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This is based on the example from the book: Pro WPF and Silverlight MVVM by Gary McLean Hall

where the author only insists on how to create the Model for a DB structure (and how to implement the DAL for it).

I am looking for the correct way to create the ViewModel(s).

Here is the database model and the MVVM Model- I suspect it is not quite complete, but the Product is missing the ProductCode:

My Views will be: Pages displaying / editing views for Products, Customers and Orders I am familiar with the Models / ViewModels implementing / using the INotifyPropertyChange and ObservableCollection, no need to insist on that.

My questions:

  1. How to create the ViewModels in such a way that they would all share the same model
  2. How do I manage the ViewModels? Do I have one Main ViewModel which aggregates all the specific ones? This relates to ViewModel state saving and restoring.

I am particularly interested in how to deal with this: the Model for Order has a List of Products. I will also have to maintain a list of Products for my ProductsViewModel which supports the displaying / editing Views for the Products. How can all be synchronized? Should the OrderModel only have a List of ProductCodes instead? What are the implications in that case?

In general, the thing I am after here is: how to create and manage the ViewModels for Models which implement DB tables with many to many relationships (like Product-Orders). Do we use only the foreign keys as part of the Model objects or do we use a reference to a whole other Model object represented by that foreign key?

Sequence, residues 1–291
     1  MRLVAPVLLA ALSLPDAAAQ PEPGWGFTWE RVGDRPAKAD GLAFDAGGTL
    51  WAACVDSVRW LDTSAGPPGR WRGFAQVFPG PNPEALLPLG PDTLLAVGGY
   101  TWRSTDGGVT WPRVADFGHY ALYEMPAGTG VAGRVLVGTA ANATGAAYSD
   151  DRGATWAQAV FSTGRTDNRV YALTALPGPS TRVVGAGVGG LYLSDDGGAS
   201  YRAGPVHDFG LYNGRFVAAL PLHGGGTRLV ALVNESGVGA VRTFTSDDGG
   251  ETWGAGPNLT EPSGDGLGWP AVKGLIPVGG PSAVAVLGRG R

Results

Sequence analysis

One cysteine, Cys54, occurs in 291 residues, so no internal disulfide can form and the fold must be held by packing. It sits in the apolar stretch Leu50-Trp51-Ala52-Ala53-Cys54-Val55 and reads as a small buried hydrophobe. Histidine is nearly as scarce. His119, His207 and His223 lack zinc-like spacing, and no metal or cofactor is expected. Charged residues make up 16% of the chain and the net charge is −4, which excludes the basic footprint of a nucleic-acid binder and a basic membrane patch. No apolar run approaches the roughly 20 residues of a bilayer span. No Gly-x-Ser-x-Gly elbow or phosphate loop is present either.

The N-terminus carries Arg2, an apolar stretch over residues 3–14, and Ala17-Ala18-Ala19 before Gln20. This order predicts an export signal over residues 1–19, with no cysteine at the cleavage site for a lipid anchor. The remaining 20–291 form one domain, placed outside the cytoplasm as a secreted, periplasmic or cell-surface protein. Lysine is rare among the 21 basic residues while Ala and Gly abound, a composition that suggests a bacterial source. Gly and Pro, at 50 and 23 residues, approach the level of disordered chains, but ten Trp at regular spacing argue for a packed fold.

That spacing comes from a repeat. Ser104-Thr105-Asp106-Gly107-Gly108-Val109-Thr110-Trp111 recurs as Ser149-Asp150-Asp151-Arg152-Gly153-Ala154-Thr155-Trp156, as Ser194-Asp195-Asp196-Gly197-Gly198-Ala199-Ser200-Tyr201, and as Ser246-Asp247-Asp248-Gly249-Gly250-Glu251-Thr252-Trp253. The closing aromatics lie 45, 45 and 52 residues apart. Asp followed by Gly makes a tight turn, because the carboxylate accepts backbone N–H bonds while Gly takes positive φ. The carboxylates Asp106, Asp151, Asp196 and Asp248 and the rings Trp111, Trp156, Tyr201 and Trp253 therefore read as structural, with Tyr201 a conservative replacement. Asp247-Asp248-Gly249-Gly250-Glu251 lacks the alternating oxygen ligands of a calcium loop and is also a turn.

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Keeping each ViewModel separate and lightweight is the way to go. Based on the View/s displayed to the user load the appropriate viewmodel. –  softwaredeveloper Jul 19 '11 at 21:00
Can you give me brief example of implementing the OrderViewModel for a View displaying the list of orders for a given customer. How should the ViewModel refer to the Model? –  Flo Jul 19 '11 at 21:04

1 Answer 1

up vote 1 down vote accepted

To me it sounds like you are thinking about it the wrong way round. When you ask "How to create and manage the ViewModels for the Models which implement DB tables with many to many relationships" it sounds like you are thinking about ViewModels in terms of Models. Which isn't right. A ViewModel is a model of a View - not the Model. You shouldn't be thinking about creating ViewModels for your models, you should be thinking about creating VewModels of your Views.